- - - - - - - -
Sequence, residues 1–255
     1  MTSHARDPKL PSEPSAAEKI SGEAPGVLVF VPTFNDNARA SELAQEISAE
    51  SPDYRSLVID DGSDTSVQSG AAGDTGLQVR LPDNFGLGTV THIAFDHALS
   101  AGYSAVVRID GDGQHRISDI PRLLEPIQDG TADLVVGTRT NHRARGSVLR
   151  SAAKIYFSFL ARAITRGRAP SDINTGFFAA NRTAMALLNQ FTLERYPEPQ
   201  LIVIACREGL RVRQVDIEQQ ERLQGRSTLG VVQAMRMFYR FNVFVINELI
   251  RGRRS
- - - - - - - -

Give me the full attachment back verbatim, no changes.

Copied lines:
Sequence, residues 1–255
     1  MTSHARDPKL PSEPSAAEKI SGEAPGVLVF VPTFNDNARA SELAQEISAE
    51  SPDYRSLVID DGSDTSVQSG AAGDTGLQVR LPDNFGLGTV THIAFDHALS
   101  AGYSAVVRID GDGQHRISDI PRLLEPIQDG TADLVVGTRT NHRARGSVLR
   151  SAAKIYFSFL ARAITRGRAP SDINTGFFAA NRTAMALLNQ FTLERYPEPQ
   201  LIVIACREGL RVRQVDIEQQ ERLQGRSTLG VVQAMRMFYR FNVFVINELI
   251  RGRRS